What makes any life-orienting story a story is the worldview it projects. Worldview stories offer a particular vision and set of values that direct what goal or end (telos) people should live for and how they should live in order to reach the goal. With this in mind, we can see how political ideologies, on both the right and left, offer a rival story to the gospel. Sadly though, too many Christians these days seem to be allowing the gospel story told within scripture to be absorbed into various political ideologies. One only needs to spend a few minutes scrolling through their social media feed to see examples.
Living our of the gospel story as told within the narrative of scripture raises a question. How do we navigate the tension of embodying the gospel in a manner that is coherent with the gospel but relevant to our cultural location in society? In others, how do live as followers of Jesus in a manner that is both faithful to Jesus but contextual to our locations?
Undoubtedly, this is a big question that cannot be fully answered with just one post. However, I recently read another book by Goheen and Bartholomew called Living at the Crossroads: An Introduction to Christian Wolrdview (2008) which is very helpful in addressing the tension of embodying the gospel in our society. Several options that Goheen and Bartholomew reject include simply withdrawing from society, uncritically accommodating society, or living with a dualistic stance where we attempt to live a Christian view privately but publically fit in with the rest of society.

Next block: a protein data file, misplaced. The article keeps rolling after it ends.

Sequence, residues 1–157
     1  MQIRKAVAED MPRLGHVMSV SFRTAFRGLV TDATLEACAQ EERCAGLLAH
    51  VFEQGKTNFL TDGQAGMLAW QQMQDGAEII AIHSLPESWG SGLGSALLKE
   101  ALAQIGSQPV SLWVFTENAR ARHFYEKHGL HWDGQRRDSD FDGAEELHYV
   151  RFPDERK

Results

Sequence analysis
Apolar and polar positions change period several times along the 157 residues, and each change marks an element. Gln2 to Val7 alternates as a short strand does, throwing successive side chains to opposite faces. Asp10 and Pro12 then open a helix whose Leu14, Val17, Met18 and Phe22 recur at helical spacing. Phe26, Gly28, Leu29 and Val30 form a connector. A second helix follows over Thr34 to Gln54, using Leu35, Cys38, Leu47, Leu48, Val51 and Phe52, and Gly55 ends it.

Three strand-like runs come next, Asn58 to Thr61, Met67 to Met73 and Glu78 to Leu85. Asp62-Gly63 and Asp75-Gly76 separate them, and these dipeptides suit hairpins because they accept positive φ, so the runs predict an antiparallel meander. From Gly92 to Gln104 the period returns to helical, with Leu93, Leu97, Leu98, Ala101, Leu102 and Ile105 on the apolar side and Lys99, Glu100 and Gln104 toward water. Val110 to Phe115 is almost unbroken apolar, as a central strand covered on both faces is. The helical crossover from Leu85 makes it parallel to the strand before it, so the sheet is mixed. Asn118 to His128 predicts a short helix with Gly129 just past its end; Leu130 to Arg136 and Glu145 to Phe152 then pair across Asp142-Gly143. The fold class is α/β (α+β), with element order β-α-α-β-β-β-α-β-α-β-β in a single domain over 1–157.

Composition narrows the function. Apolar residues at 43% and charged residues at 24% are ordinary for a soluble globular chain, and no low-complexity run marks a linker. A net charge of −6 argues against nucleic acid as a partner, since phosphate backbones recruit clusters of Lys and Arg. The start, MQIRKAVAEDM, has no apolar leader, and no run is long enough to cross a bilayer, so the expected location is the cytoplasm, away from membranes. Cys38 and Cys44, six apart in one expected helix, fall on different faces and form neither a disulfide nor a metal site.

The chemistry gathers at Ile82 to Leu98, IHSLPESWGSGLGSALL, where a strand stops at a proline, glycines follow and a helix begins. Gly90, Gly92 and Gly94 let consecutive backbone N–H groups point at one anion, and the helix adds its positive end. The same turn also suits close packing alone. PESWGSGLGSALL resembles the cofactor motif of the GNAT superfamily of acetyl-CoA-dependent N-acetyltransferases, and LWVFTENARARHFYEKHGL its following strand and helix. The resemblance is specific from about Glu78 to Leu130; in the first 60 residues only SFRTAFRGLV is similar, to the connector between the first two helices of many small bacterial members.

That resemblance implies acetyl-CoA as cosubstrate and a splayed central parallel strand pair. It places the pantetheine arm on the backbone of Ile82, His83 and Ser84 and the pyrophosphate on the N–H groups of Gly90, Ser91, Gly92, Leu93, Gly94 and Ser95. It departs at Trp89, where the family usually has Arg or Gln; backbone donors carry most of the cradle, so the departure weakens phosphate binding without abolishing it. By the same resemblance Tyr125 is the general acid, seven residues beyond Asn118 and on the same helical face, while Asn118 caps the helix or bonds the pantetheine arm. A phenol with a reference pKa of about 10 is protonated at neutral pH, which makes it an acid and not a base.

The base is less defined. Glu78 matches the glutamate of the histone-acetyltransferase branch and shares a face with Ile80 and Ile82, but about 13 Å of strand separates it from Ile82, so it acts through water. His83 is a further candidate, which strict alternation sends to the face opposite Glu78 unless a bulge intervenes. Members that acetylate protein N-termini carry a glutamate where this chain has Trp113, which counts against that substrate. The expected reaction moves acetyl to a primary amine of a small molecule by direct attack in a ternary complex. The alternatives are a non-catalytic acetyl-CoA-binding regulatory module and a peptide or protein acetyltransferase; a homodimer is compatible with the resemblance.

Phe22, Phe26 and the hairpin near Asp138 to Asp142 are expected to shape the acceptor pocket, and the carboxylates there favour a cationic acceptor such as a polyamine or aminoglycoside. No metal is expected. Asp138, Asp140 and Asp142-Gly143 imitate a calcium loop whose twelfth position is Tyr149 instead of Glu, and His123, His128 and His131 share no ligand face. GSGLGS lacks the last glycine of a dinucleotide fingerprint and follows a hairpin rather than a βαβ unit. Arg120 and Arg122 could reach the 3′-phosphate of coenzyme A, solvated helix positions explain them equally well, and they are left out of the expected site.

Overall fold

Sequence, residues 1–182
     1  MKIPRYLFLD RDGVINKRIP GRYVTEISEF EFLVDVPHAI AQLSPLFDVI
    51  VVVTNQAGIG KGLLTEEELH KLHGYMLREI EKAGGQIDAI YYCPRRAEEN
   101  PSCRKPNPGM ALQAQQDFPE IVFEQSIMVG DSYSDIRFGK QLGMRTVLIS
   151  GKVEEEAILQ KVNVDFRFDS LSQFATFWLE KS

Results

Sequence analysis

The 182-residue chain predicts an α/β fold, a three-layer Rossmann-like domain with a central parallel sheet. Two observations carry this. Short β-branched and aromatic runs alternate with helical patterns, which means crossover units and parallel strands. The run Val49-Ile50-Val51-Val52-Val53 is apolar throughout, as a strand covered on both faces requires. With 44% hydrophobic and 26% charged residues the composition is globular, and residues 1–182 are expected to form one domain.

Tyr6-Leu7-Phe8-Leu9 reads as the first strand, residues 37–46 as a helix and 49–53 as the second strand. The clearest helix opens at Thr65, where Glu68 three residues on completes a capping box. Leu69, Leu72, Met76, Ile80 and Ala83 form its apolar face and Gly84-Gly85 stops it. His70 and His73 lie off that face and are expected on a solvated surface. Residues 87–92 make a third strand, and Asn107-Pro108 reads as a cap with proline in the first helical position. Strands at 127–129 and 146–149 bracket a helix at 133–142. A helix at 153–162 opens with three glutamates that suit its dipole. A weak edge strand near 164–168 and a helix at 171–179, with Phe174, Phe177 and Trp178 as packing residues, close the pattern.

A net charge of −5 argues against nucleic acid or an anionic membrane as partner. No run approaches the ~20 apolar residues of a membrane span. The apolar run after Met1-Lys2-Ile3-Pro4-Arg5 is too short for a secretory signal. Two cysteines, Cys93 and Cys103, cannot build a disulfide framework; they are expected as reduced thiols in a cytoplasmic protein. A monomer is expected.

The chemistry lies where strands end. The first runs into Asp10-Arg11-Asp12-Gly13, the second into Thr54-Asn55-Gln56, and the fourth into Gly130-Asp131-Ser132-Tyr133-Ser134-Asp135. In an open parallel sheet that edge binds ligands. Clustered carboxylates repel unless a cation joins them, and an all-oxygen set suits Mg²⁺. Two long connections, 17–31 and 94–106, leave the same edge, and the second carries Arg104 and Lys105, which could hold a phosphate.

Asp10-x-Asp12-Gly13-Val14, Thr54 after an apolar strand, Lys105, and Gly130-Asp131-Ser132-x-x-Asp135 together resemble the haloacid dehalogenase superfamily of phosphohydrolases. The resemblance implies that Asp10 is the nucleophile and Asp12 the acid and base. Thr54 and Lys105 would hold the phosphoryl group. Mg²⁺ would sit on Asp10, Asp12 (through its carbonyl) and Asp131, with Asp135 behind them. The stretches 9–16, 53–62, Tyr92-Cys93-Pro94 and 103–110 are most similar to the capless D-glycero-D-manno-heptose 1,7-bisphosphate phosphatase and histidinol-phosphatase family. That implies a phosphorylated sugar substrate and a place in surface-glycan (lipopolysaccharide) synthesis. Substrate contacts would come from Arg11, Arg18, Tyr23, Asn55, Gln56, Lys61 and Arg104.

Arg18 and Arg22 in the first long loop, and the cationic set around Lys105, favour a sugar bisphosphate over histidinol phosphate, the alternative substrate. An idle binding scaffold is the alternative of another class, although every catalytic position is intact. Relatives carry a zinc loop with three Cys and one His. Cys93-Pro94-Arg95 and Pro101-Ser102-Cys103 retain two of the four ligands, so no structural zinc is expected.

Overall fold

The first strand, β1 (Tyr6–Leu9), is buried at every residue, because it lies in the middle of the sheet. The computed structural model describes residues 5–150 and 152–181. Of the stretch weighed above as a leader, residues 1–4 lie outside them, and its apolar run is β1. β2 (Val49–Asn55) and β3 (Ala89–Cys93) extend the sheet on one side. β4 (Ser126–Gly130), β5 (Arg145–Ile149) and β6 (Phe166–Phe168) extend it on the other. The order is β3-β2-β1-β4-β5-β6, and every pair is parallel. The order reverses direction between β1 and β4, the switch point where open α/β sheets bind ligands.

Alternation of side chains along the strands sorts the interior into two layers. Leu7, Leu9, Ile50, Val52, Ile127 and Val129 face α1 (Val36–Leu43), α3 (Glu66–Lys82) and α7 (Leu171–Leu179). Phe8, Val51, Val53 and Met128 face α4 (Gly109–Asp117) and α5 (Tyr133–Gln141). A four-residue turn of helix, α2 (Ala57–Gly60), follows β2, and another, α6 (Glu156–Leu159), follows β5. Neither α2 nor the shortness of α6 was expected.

Rather than withdrawal, accommodation, and dualism, the authors call for discernment that considers both the gospel and the culture of society. It is an exercise in critical thinking in which “we discern between the creational structure and design in all things and the religious misdirection and rebellion that pervert God’s good world” (Living at the Crossroads, p. 136). In other words, within every culture, there are likely aspects of life that reflect God’s creative and redemptive intent but also aspects that are departures from this intent. So for example, we can think of sex and sexual intimacy. God obviously created sex and sexual intimacy as a natural expression but we also know that sex and sexual intimacy have often departed from God’s intent in a fallen world corrupted by sin. This is one reason why when someone says, “It’s only natural,” we must critically evaluate whether the claim of being natural flows from God’s creative-redemptive intent or from a fallen-corrupted understanding.
I have mentioned and interacted with both books Bartholomew and Goheen because I find them helpful for us to think about the missional task we face as followers of Jesus living in North America in 2022 and beyond. If you’ve read the books, then great. If you haven’t, I would encourage you to add them to your list of books to read in the not-to-distant future.
K. Rex Butts, D.Min, serves as the lead minister/pastor with the Newark Church of Christ in Newark, DE, and is the author of Gospel Portraits: Reading Scripture as Participants in the Mission of God. Rex holds a Doctor of Ministry in Contextual Theology from Northern Seminary in Lisle, IL, and a Master of Divinity from Harding School of Theology in Memphis, TN. He is married to Laura and together they have three children.